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I Hate the Word and the Letter t(Ta)

I Hate the Word and the Letter t(Ta) K H U N S R U N Translator's Note Khun Srun continues to be one of the authors most widely read and appreciated by Cambodian students of literature. The following story is an example of his innovations with form and style. It plays upon the idea--as old as Plato and as current as the French Structuralists--that there is, or should be, a correspondence between a word and the thing it names; even phonemes and the graphic shapes of letters might be parsed to reveal secret meanings inherent in words. In the Khmer language, t [ta]--along with the other consonants named in this story--may be words as well as letters; the graphic signs for each consonant in Khmer always contain an implied vowel, so a monosyllabic word can be written using a single letter. For example, t is ta, P is pho, K is ko, and k is ka. The word t [ta] means something like "to continue," and Khun Srun suggests that the shape of the letter mirrors this meaning by coiling back on itself. Similar in appearance, the letter P [pho] is a complete homophone and partial homograph of the word phor, which means "to lie http://www.deepdyve.com/assets/images/DeepDyve-Logo-lg.png Manoa University of Hawai'I Press

I Hate the Word and the Letter t(Ta)

Manoa , Volume 16 (1)

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Publisher
University of Hawai'I Press
Copyright
Copyright © 2004 University of Hawai'i Press.
ISSN
1527-943x
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Abstract

K H U N S R U N Translator's Note Khun Srun continues to be one of the authors most widely read and appreciated by Cambodian students of literature. The following story is an example of his innovations with form and style. It plays upon the idea--as old as Plato and as current as the French Structuralists--that there is, or should be, a correspondence between a word and the thing it names; even phonemes and the graphic shapes of letters might be parsed to reveal secret meanings inherent in words. In the Khmer language, t [ta]--along with the other consonants named in this story--may be words as well as letters; the graphic signs for each consonant in Khmer always contain an implied vowel, so a monosyllabic word can be written using a single letter. For example, t is ta, P is pho, K is ko, and k is ka. The word t [ta] means something like "to continue," and Khun Srun suggests that the shape of the letter mirrors this meaning by coiling back on itself. Similar in appearance, the letter P [pho] is a complete homophone and partial homograph of the word phor, which means "to lie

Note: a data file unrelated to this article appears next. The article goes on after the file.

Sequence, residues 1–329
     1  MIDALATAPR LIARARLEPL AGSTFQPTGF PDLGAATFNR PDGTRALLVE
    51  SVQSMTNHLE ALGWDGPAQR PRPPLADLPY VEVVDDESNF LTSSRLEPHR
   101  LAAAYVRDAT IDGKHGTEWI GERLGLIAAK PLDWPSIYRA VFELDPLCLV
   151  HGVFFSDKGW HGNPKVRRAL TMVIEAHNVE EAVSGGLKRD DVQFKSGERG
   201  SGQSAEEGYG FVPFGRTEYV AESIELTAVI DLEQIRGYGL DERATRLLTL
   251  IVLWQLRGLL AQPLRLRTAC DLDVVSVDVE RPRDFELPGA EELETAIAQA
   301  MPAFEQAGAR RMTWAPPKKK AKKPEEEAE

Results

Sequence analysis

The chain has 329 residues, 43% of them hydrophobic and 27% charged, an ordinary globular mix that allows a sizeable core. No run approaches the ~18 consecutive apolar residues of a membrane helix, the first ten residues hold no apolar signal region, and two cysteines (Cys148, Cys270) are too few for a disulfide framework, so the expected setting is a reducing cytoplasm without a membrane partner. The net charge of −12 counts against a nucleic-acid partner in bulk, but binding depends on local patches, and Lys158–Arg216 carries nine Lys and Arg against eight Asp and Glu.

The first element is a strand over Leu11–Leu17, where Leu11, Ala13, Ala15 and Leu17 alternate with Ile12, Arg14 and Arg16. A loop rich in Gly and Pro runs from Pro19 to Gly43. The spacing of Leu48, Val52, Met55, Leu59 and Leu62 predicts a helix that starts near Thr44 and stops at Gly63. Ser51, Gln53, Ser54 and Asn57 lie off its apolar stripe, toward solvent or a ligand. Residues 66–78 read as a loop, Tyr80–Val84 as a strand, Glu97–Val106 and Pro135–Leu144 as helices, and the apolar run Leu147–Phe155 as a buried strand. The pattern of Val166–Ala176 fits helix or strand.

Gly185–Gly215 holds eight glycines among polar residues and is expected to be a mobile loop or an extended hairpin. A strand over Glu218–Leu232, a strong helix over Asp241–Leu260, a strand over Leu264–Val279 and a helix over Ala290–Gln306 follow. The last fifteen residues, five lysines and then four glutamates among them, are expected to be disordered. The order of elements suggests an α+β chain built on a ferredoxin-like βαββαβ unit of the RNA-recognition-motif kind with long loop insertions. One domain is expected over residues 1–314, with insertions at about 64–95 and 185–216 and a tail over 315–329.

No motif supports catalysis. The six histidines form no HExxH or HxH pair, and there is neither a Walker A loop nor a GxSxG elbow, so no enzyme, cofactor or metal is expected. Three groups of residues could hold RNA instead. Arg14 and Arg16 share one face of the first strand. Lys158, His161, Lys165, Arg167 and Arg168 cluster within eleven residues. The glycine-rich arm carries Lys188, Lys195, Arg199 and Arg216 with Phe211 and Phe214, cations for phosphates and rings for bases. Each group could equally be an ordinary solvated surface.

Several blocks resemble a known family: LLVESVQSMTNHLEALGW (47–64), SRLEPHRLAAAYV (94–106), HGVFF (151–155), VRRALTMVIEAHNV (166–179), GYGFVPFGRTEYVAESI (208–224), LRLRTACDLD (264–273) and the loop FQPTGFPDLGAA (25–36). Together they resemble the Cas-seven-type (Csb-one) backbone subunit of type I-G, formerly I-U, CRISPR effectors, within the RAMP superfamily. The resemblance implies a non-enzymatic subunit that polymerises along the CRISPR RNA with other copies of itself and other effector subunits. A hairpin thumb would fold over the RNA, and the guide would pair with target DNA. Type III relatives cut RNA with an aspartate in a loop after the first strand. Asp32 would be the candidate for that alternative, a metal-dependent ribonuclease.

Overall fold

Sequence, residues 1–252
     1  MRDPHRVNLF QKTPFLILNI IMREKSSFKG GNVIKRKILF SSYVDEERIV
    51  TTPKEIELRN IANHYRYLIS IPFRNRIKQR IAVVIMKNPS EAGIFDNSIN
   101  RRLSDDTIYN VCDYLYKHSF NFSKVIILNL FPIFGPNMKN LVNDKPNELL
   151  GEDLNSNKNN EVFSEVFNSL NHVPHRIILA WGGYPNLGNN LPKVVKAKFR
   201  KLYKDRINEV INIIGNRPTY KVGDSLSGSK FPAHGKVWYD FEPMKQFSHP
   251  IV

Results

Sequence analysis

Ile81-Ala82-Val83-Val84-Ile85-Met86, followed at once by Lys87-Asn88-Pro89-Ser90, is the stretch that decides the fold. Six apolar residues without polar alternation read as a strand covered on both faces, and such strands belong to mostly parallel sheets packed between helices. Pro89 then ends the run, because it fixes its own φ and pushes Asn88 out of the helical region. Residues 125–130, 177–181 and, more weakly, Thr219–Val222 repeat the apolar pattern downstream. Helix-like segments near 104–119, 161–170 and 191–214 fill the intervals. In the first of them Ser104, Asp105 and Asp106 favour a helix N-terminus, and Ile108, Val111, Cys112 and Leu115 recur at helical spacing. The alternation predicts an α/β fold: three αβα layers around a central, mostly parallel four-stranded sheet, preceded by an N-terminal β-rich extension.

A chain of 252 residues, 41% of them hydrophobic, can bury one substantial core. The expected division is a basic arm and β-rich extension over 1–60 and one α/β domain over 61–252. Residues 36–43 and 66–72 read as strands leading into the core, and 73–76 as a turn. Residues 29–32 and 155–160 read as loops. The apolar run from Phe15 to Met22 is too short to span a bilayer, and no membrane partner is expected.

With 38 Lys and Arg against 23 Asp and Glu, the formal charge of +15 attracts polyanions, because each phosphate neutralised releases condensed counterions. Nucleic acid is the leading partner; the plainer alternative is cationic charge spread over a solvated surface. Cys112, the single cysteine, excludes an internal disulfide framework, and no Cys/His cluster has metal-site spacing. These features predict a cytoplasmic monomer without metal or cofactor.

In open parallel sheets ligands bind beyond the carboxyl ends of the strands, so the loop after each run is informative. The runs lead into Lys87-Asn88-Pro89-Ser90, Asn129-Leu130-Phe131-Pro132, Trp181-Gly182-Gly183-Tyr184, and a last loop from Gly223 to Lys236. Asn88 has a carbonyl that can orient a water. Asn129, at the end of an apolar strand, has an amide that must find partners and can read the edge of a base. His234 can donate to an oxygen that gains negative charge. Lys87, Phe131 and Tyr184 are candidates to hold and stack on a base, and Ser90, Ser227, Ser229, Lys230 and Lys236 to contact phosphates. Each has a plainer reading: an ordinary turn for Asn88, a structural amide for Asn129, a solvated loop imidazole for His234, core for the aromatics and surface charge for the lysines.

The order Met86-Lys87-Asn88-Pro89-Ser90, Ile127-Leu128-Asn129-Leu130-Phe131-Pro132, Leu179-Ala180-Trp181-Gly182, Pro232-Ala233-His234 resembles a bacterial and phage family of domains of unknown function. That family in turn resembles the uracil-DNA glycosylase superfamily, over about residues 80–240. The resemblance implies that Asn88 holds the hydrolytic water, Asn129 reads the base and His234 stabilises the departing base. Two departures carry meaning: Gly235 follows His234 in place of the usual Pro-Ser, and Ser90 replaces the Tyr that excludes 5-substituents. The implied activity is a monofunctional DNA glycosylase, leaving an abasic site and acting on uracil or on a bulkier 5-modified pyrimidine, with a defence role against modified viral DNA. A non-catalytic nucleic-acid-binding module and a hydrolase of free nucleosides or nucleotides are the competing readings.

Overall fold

Journal

ManoaUniversity of Hawai'I Press

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